Human Library Allows You To Check Out People Rather Than Books


(PCM) Believe it is not as creepy as the title would suggest! The Human Library Project is actually all about celebrating diversity and helping us gain a better and more well-rounded understanding of the people around us, by learning and freely asking questions without any fear of judgement.

The project began in Denmark and has since branched out to areas all over the world. It allows participants to check out an “interactive book” for a half hour at a time, however these “interactive books” are actually living breathing human volunteers who have agreed to share their stories with others.

Human Library participants are given a library catalog which features the various types of individuals they can meet with to learn about their experiences, stories and of course ask them any questions they may have been afraid to ask or are curious to know. Some examples of Human Library volunteers include someone who is homeless, a soldier suffering from PTSD (post traumatic stress disorder), a person who was molested, a naturist, someone with extreme body modification, a person in a polyamorous relationship, someone who is Muslim, someone suffering from bi-polar disorder, a refugee, and someone who is HIV positive to name just a few.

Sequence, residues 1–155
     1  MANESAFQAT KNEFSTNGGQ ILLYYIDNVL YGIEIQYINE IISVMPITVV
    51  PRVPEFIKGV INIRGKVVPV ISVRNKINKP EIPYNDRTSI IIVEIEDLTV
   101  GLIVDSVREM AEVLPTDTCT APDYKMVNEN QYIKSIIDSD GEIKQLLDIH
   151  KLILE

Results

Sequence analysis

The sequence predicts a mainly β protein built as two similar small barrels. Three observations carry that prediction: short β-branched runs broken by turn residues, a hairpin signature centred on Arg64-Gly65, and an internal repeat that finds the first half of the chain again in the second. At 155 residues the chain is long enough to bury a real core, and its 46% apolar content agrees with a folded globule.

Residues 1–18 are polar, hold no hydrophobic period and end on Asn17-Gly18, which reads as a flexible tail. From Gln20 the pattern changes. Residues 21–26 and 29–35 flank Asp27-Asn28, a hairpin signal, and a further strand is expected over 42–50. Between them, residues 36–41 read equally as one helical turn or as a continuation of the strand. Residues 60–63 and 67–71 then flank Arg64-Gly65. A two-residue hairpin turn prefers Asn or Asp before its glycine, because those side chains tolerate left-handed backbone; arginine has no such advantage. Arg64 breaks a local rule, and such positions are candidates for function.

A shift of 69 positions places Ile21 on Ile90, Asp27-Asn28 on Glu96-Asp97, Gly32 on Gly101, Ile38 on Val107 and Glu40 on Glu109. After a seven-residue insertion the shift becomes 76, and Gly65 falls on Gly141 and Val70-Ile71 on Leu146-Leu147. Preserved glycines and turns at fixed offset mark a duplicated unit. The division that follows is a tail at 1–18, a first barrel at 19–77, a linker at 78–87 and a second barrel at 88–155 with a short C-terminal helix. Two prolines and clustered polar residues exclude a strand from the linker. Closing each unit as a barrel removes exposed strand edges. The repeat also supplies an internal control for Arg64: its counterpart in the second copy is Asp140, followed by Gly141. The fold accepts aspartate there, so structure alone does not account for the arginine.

The stories and experiences shared by these individuals can provide a wealth of knowledge and understanding and can certainly show us that there is much more to these individuals (and all of us as human beings) than what initially meets the eye. The Human Library project teaches us to never judge a book by its’ cover and  is designed to build a positive framework for conversations that can challenge stereotypes and prejudices through dialogue.

We think this project is a wonderful idea and certainly would love to see more and more Human Library events taking place throughout the world. It is refreshing to see people actually talking to one another and finding a way to put their differences aside and gain a better understanding of our fellow man.

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